A spontaneous ad hoc network that is formed in an area with no infrastructure is considered by way of example. By default the topology discovery protocol included in the routing protocol 130 does not include any specific quality of service metric. If a node in the network is solicited by a voice over IP (VoIP) application that requires constant bit rate (CBR) traffic characteristics, a new metric must be exchanged between the nodes and a specific path computation based on that metric set up to define an optimized path for the VoIP application. A first step chooses the metric available in the network that is closest to that needed by the application. This may be the jitter metric, for example, the delay metric or by default the number of hops. This decision can be local to the node, which propagates it to the other nodes (in accordance with the well-known principle of self-organized networks), or a global decision by the network manager 200, which sends it to the nodes via a specific control message, as described above. The externalized computation module 131 associated with the chosen metric, for example the delay metric, is then activated in each node or possibly deployed dynamically from the network manager. The chosen metric, here the delay metric, is then also added to control messages exchanged between the nodes by the routing protocol to discover and maintain the topology. When the VoIP application seeks to set up a call, it invokes the externalized path computation module specific to the chosen metric, here the delay metric. That module can be present at all the nodes or deployed dynamically. It recovers from the routing protocol the topology graph with the delay metric (information concerning the metric is computed by the metric computation module at each node and transported by the routing protocol control packets). Moreover, other applications use the default path computation module, i.e. the number of hops. The VoIP application then has access to routes that are suited to its delay constraint while other applications have paths that may be shorter but may also be more heavily loaded. This is not a problem for a data exchange application, for example.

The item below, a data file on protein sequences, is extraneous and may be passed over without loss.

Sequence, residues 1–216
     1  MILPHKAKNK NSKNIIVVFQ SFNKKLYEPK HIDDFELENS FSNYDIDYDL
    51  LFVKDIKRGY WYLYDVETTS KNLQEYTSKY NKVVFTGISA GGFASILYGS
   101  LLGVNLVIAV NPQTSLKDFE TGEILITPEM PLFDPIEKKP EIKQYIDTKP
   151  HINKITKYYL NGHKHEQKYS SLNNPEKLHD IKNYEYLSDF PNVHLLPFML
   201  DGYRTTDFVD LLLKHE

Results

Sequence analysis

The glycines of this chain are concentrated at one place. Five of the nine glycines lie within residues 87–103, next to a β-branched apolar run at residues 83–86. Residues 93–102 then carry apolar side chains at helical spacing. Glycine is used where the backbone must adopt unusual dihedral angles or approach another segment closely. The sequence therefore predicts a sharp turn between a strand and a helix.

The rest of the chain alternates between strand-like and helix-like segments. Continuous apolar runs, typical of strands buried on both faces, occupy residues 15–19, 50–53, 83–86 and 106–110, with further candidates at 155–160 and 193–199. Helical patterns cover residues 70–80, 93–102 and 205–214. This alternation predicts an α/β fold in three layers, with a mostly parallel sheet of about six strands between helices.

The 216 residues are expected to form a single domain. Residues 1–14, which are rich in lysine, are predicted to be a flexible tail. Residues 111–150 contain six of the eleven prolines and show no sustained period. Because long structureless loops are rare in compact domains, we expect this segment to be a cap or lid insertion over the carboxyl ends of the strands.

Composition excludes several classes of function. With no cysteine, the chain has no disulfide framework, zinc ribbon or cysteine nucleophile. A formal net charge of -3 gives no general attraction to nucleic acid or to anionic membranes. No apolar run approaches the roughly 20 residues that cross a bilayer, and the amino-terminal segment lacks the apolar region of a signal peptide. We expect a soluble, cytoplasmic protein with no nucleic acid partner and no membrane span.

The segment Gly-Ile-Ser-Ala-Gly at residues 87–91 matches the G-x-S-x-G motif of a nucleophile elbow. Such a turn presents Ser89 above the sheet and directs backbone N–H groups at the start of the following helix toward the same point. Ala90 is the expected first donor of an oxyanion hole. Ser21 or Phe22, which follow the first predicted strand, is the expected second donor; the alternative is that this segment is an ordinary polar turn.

A particular example of the use of the invention is described with reference to